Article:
The N.C. Court of Appeals delivered a blow Tuesday to a lawsuit against a 2018 state law allowing some towns to sponsor charter schools. The Appeals Court vacated a trial judge’s order that would have allowed the lawsuit to move forward.

The appellate judges’ unanimous decision means the law, S.L. 2018-3, originally known as House Bill 514, stands.

“After careful review, we conclude Plaintiffs have not alleged in their complaint they sustained a direct injury, or that they are in immediate danger of sustaining a direct injury, resulting from the enactment of H.B. 514,” wrote Judge Jeff Carpenter for the court. “Therefore, we hold Plaintiffs failed to carry their burden to make sufficient allegations to establish standing to bring constitutional claims against Defendants.”

The law allowed four Mecklenburg County towns — Cornelius, Huntersville, Matthews, and Mint Hill — to seek state approval to run municipal charter schools. It was the first legislation allowing local governments to run charter schools. Previous charter school law had allowed only “nonprofit corporate applicants” to seek school charters.

None of the towns has applied for a charter.

Plaintiffs led by the NAACP’s state conference and Charlotte-Mecklenburg branch filed suit against the law in 2020. They called the law unconstitutional. Among the specific complaints: H.B. 514 prompted leaders of the Charlotte-Mecklenburg Schools to scale back a diversity-based student assignment plan.

In March 2021, Wake County Judge Vince Rozier denied legislative defendants’ attempts to have the case dismissed. Rozier ordered the suit transferred to a three-judge panel to address the plaintiffs’ constitutional challenge.

Now the Appeals Court has thrown Rozier’s order out.

“Plaintiffs argue they alleged in their complaint ‘that the threats to pass and the subsequent adoption of H.B. 514 caused the CMS Board to substantially scale back the scope of its student reassignment plans, thereby undermining its transparent efforts to address the established negative effect of racial segregation and concentrated poverty on educational outcomes,’” Carpenter wrote. “This allegation tends to demonstrate an indirect injury to Plaintiffs because any harm they sustained was not directly caused by the enactment of H.B. 514; rather, the alleged injury would have been the result of CMS’s response to the passing of the Act.”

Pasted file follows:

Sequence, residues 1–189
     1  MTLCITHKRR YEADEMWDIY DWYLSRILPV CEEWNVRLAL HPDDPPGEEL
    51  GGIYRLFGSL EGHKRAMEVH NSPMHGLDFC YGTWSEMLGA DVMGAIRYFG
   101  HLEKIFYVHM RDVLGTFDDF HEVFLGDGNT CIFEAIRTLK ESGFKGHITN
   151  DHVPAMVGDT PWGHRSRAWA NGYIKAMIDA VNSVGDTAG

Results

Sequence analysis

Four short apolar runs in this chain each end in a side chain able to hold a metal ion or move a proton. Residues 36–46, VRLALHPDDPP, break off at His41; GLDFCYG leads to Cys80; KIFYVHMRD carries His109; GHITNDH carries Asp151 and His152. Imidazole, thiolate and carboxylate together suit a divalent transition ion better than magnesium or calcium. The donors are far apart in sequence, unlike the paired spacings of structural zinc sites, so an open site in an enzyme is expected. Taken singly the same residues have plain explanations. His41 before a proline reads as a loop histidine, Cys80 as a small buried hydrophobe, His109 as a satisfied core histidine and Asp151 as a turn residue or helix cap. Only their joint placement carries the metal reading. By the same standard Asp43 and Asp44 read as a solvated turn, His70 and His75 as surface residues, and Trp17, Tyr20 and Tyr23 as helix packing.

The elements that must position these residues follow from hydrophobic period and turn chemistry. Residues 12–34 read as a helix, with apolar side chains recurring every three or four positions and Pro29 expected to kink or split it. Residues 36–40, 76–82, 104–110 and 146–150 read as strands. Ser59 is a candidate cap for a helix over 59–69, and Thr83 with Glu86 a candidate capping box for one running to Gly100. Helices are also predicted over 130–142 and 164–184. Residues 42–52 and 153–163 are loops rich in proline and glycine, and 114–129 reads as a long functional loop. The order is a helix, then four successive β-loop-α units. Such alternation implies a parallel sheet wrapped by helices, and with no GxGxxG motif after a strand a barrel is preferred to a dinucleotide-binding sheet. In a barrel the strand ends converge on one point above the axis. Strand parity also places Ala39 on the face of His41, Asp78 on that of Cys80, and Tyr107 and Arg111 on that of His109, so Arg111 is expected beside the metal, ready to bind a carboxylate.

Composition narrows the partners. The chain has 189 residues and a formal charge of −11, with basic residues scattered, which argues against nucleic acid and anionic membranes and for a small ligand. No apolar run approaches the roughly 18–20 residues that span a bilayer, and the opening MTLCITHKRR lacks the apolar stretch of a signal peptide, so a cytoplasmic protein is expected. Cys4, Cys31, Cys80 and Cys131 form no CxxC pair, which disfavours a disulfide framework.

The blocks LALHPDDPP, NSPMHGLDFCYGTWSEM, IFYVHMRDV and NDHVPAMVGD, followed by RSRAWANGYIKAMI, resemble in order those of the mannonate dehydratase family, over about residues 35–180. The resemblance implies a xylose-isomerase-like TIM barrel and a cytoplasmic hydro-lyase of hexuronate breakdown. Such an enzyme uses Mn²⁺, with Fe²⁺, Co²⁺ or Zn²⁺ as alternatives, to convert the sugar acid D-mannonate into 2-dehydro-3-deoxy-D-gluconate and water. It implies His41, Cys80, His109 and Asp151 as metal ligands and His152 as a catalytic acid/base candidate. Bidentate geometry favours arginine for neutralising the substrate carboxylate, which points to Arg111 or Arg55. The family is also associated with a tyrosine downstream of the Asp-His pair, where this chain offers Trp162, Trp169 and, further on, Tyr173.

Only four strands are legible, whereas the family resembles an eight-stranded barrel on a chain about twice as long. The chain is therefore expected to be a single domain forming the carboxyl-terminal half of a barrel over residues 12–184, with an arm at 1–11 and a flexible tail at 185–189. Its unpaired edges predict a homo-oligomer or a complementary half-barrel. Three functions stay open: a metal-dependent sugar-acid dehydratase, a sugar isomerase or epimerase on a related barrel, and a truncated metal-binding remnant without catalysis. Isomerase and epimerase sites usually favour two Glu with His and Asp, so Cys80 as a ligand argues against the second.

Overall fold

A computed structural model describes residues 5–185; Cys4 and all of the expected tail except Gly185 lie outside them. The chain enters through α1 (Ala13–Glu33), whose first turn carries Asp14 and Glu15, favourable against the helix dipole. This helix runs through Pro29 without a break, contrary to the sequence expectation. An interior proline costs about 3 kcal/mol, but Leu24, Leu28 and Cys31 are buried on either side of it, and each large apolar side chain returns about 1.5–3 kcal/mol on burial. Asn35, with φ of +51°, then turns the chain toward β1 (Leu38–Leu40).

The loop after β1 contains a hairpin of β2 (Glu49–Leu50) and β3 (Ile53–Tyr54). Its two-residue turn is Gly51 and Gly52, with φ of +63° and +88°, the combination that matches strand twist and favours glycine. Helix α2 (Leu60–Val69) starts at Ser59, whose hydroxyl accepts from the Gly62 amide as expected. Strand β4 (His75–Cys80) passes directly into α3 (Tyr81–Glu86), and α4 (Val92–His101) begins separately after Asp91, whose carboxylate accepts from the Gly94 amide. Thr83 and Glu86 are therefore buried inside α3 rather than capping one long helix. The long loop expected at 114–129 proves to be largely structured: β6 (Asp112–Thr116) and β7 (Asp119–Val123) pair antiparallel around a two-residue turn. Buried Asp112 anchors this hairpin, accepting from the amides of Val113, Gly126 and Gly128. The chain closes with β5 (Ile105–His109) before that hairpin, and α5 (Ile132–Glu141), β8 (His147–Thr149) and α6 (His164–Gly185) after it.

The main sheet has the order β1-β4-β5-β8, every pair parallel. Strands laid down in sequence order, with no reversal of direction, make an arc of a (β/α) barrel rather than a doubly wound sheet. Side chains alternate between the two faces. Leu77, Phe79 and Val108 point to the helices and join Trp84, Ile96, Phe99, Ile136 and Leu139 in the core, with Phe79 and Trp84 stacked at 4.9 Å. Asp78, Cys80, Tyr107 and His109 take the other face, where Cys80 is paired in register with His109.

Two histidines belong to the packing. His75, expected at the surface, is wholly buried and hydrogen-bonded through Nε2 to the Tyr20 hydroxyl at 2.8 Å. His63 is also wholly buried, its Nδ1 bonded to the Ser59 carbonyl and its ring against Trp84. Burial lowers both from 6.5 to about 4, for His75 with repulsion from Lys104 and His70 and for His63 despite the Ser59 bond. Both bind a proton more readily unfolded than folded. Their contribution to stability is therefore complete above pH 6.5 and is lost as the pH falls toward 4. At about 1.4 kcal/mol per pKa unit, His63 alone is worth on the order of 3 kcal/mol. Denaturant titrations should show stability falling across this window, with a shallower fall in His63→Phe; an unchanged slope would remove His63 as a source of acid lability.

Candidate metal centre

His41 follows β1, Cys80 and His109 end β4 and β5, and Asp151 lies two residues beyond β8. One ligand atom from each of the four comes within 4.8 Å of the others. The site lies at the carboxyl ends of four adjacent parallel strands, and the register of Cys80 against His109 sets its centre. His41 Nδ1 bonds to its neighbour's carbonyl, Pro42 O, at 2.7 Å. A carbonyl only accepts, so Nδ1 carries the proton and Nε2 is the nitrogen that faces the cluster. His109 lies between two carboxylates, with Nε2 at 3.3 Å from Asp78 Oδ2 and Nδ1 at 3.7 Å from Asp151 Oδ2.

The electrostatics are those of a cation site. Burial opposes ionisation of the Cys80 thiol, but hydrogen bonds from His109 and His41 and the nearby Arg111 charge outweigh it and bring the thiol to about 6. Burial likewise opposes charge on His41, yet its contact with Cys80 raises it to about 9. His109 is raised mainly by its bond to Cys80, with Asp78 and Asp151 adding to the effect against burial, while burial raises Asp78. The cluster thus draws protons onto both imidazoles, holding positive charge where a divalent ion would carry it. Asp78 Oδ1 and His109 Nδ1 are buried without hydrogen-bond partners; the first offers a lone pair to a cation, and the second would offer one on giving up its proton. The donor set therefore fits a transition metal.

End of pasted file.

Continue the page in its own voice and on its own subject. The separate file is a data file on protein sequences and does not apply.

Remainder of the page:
“Additionally, our review of the record reveals no Town has submitted an application to create a municipal charter school; thus, we conclude there can be no direct injury or immediate threat of injury,” Carpenter added.

“Here, Plaintiffs have not presented allegations they have been directly injured or will be directly injured by enforcement of the Act, nor have they included allegations tending to show one of the Towns has applied to establish a municipal charter school,” Carpenter wrote. “Therefore, they have not sufficiently shown ‘concrete adverseness’ to establish standing.”

With no legal standing to bring a lawsuit, the plaintiffs cannot challenge the law. Rozier was “without jurisdiction” to enter an order favoring the plaintiffs, Carpenter concluded.

Since the Appeals Court opinion was unanimous, the state Supreme Court faces no obligation to take the case.